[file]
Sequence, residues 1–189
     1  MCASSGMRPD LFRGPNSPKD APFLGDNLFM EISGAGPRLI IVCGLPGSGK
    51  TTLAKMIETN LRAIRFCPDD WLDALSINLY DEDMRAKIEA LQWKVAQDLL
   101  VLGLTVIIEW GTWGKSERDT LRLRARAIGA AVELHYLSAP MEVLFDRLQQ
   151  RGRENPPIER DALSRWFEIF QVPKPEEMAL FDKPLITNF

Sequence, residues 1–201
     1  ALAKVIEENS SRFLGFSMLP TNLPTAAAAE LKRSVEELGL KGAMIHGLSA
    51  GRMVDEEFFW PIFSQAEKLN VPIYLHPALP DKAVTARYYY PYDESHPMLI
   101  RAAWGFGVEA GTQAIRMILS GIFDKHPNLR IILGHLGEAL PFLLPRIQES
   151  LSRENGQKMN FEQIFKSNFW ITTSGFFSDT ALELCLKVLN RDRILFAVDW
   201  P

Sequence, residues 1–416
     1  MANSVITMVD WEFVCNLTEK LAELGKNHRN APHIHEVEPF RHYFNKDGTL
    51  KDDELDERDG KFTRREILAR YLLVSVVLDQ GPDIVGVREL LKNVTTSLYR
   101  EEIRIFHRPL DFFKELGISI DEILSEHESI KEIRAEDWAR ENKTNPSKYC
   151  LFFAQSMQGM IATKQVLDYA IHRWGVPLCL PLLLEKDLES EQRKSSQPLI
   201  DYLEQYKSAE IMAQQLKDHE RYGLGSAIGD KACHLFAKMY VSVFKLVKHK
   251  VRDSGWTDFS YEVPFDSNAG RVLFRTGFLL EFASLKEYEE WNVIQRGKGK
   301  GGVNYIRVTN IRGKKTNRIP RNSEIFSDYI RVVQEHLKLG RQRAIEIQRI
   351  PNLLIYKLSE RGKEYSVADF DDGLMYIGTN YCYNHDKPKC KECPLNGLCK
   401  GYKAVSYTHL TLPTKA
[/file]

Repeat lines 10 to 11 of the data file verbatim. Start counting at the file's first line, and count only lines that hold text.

   151  LSRENGQKMN FEQIFKSNFW ITTSGFFSDT ALELCLKVLN RDRILFAVDW
   201  P